Ottawa’s failure to act is putting children’s lives on the line: First Nations advocate

Click to play video: 'I feel like I have failed these kids: Blackstock'
I feel like I have failed these kids: Blackstock
WATCH ABOVE: Cindy Blackstock, Executive Director of the First Nations Child and Family Caring Society tells Vassy Kapelos the federal government is spending $500 million on Canada’s birthday and another great gift would be to immediately pay $155 million for First Nations child welfare – Jan 29, 2017

The federal government’s continued discrimination against First Nations children on reserves – despite an order last year to increase funding for public services – is costing children’s lives, advocate Cindy Blackstock says.

A landmark ruling from the Canadian Human Rights Tribunal last January found First Nations are adversely affected by the services provides and, in some cases, denied services as a result of the government’s involvement.

The ruling from the quasi-judicial body, which is legally binding, found the inadequate funding is a form of discrimination. The tribunal subsequently ordered the federal government to provide detailed calculations on why the $71 million earmarked for child welfare in 2016 was adequate to meet its obligations, and gave Indigenous Affairs two weeks to confirm implementation of Jordan’s Principle — a policy designed to ensure First Nations children can obtain services without getting caught in red tape.

READ MORE: 5 things to know about landmark ruling on First Nations child welfare case

“It’s supposed to mean First Nations children can access [services] on the same terms as other Canadian kids,” Blackstock told The West Block.
Story continues below advertisement

“They were to immediately implement that, but they haven’t. And we’ve seen one tragedy after another unfold.”

Ottawa is responsible for delivering public services to children on reserves, as opposed to all other Canadian children whose services are funded by provincial governments.

READ MORE: Ottawa slammed on First Nations funding for child welfare, suicide prevention

Those services include everything from education, to health care and child welfare.

The latest health and medical news emailed to you every Sunday.

“Going back at least 110 years ago, Canada was made aware of how their under-funding of these services was actually leading to the unnecessary deaths of children in residential schools,” Blackstock said. “Now we know more recently, from auditor general reports, that those inequalities continue across every area of First Nations’ children’s experiences. They get less funding because they’re on reserve.”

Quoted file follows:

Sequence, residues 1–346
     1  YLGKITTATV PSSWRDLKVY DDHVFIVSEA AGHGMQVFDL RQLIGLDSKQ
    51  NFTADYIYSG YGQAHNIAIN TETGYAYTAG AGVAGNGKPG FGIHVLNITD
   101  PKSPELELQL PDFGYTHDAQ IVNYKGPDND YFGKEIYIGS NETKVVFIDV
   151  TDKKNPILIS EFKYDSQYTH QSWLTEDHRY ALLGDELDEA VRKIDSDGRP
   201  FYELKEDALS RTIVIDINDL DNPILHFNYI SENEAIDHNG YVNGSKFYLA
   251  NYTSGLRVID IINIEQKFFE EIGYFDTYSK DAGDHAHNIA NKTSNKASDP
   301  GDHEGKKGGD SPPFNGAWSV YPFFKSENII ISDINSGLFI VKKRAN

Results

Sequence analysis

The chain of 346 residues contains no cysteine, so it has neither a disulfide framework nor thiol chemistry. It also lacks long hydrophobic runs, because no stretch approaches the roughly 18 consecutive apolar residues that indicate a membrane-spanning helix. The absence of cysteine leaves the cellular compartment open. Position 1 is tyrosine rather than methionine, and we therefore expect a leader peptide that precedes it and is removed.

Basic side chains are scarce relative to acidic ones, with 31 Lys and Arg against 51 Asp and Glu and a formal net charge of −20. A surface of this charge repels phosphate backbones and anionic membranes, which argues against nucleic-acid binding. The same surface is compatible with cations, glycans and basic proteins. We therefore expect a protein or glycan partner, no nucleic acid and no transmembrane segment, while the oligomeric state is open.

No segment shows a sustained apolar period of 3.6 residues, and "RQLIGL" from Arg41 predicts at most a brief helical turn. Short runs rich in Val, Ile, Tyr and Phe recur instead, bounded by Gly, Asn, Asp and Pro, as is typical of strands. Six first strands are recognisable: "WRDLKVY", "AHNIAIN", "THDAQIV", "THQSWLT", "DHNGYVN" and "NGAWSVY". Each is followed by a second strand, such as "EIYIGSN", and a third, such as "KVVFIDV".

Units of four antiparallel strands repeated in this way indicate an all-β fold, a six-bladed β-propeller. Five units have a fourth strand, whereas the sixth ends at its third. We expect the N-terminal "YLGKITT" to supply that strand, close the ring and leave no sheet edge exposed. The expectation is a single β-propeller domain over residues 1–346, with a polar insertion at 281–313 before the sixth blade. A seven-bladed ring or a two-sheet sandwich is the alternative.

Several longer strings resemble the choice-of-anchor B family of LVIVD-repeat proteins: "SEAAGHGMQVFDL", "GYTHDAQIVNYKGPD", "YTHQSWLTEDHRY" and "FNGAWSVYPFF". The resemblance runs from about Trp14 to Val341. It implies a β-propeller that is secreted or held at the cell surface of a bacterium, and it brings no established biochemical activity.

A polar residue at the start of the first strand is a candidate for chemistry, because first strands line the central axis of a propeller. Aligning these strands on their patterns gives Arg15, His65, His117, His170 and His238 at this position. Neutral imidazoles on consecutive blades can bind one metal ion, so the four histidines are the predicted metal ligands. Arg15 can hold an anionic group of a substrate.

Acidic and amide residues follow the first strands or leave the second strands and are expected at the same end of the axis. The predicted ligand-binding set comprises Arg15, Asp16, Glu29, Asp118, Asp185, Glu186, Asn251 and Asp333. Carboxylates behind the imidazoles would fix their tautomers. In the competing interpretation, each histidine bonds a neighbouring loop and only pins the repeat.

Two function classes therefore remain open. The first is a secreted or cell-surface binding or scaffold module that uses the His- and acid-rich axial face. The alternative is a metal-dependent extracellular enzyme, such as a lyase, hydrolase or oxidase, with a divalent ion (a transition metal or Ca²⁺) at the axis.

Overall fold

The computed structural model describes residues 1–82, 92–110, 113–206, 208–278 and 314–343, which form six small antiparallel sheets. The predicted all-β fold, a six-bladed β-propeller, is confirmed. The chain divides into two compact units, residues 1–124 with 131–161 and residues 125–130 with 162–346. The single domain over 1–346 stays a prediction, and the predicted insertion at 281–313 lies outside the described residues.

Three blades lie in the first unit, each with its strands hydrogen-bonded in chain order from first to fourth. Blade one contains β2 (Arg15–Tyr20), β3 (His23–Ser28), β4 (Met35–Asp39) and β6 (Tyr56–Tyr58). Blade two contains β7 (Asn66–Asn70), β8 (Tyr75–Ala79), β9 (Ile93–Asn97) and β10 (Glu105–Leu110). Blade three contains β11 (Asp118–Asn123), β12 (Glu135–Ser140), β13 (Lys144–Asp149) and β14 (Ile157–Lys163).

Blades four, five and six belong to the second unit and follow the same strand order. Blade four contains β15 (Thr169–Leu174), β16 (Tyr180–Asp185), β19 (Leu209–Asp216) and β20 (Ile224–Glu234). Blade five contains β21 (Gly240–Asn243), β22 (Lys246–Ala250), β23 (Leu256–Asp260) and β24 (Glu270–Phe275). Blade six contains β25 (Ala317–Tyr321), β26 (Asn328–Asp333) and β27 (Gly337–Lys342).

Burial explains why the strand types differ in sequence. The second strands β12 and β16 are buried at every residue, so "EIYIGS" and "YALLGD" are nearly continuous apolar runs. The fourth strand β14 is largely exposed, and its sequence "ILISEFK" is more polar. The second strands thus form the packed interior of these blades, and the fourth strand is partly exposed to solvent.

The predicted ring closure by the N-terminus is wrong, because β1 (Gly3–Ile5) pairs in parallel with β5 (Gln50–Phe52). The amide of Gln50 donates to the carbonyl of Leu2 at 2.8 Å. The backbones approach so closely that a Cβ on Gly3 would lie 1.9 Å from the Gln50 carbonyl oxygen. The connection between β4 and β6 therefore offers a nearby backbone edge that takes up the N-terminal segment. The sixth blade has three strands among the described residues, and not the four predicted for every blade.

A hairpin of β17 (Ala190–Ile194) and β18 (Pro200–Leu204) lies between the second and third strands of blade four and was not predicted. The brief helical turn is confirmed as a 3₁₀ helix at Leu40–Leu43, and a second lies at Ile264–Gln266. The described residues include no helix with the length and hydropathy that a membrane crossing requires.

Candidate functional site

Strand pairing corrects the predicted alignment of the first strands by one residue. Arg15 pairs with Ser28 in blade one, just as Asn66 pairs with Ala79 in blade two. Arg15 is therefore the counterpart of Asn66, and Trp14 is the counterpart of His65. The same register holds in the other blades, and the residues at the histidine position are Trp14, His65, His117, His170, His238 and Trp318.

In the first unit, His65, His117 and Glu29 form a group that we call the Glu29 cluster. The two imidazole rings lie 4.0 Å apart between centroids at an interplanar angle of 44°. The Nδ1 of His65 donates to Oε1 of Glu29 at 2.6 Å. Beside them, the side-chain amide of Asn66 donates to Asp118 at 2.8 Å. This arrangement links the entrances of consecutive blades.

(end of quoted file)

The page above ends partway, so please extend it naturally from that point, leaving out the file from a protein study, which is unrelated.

Last week marked one year since the tribunal’s order to stop the discrimination in underfunding child welfare. But the government has yet to act, Blackstock says.

WATCH: National suicide strategy urged after deaths of 2 youths in northern Ontario: First Nations chief

Story continues below advertisement

The government has argued that at least part of the issue lies with the responsible agencies, that they can’t handle the capacity.

Blackstock challenged that notion, saying she has seen no evidence from the from the government demonstrating that any of the more than 100 First Nations agencies, including many that have been operating for more than two decades, is failing at addressing and implementing services.

In the time since, Health Minister Jane Philpott pledged $382 million over three years for child welfare. To date, only about $11 million has been for children, Blackstock said.

READ MORE: First Nations leaders slam Trudeau government for ‘dragging their feet’ on youth suicide crisis

“Their compliance has been very piecemeal and in fact the [tribunal] has issued two non-compliance orders against the federal government,” she said.

As a result, the First Nations child advocate said, some children are taken from their families and put in foster care; in severe cases, children take their lives.

Indigenous leaders and advocates have said Health Canada was aware last year of concerns about a suicide pact in Wapekeka First Nation, a small community of about 400 people in Northern Ontario.

Story continues below advertisement

Community leaders asked the federal government for mental health funding, but received none.

Earlier this month, two 12-year-old girls in Wapekeka, Jolynn Winter and Chantel Fox, killed themselves.

“It’s not an over-exaggeration to say that the government’s conduct is really putting children in situations where they’re far more likely to die,” Blackstock said. “It’s absolutely heartbreaking. I feel like I have failed these kids. I don’t know how the government feels, but I feel like I’ve failed these kids.”

With files from The Canadian Press

Sponsored content